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Starting rotation remains a strength in Angels' victory

Shane Loux gives up one run in seven innings as Angels end trip on a winning note.


OAKLAND — In less than four seasons as a big league pitching coach Mike Butcher has already made a name for himself, having helped the Angels win consecutive division crowns, a league strikeout title and guiding Francisco Rodriguez to a single-season saves record.

But he has done his finest work through the first month of this season.

The Angels, after all, started the year with three starters on the disabled list, then lost two more in the first 11 games. Yet after Tuesday's 5-3 win over the Oakland Athletics, the patchwork rotation Butcher was left with leads the American League in earned-run average (3.60) and is tied for second in wins (11).

"It's not me, man" Butcher said. "Our guys are doing all the work."

Consider the case of Tuesday's starter -- and winner -- Shane Loux, who was out of baseball less than two years ago and appeared to be out of luck when the Orioles loaded the bases on him three batters into his last start.

But after a mound visit from Butcher, Loux retired the next three hitters, then finished that start with five shutouts innings to earn his first big-league win since 2003.

Four outs into Tuesday's start, Loux was facing another bases-loaded situation when Butcher again paid him a visit. Loux got the next batter to hit into an inning-ending double play, then finished the start with five more shutout innings to even his record at 2-2 and lower his season ERA by nearly a full run to 4.30.

"When he comes out there, it's not really anything about pitching," Loux said. "It's more about let's focus, let's remember the task at hand. All things that I sometimes overlook.

"As we're building a better relationship, it's moving into all aspects. And hopefully we're seeing some results."

Perhaps the most important move Butcher and the Angels made, though, was deciding to make no move at all after losing three-fifths of their rotation before the season opener. With several attractive free agents available, the team chose to go forward with what they had.

"They trusted us," Loux said. "It means a lot. When they tell us we're the guys and they're going to stick with us, you want to make them look like smart guys."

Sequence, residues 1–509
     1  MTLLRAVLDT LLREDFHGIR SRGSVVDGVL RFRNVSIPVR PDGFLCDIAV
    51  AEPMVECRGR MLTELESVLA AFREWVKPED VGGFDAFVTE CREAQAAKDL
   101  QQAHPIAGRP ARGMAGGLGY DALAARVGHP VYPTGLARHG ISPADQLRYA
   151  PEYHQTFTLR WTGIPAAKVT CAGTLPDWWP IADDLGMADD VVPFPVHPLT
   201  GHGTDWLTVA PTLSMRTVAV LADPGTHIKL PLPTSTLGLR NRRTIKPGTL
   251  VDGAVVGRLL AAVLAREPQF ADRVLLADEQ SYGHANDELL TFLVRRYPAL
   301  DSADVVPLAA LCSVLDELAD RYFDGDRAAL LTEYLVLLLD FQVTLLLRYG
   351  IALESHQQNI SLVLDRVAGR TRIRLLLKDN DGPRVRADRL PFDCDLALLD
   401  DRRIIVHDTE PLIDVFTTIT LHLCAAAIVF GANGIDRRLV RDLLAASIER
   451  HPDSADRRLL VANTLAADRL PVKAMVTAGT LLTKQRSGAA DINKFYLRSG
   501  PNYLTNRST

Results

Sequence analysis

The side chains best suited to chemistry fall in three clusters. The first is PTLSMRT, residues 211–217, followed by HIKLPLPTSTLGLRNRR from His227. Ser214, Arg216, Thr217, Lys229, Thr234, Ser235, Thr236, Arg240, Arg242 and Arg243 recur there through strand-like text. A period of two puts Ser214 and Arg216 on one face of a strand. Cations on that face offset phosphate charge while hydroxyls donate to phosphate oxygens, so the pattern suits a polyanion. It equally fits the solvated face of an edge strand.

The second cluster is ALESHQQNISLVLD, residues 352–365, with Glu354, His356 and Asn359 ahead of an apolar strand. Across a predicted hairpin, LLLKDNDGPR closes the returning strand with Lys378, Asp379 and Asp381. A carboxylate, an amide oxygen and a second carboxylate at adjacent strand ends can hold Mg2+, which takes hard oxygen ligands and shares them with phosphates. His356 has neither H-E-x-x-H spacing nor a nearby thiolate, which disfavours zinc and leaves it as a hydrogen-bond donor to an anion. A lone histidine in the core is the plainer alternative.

Yet if the starting rotation has been a successful work in progress, so has its lineup, which changed seven times during the team's seven-game trip.

One constant, however, has been Chone Figgins in the leadoff spot. Figgins had his second consecutive three-hit game Tuesday, scoring once and driving in two runs to key an offense that, over the course of the trip, averaged nearly six runs a game.

Oakland starter Dallas Braden, who had given up only two runs in his last three starts combined, gave up that many in the second inning alone -- though it was no fault of his own.

With two out and the bases empty, Braden got Juan Rivera to ground to third for what should have been the final out. But Bobby Crosby booted the ball and the Angels made him pay when Erick Aybar, Figgins and Gary Matthews Jr. followed with consecutive singles to give the Angels a 2-0 lead.

After the Athletics cut that advantage in half in the bottom of the second, consecutive two-out hits by Aybar, Figgins and Matthews in the fourth -- the last one a two-run double -- gave Loux a little more breathing room. Figgins drove in the final run with a sacrifice fly in the sixth.

The Athletics made it interesting in the ninth when Matt Holliday hit a two-run home run off Scot Shields, but Brian Fuentes came on to get the final two out for his seventh save.


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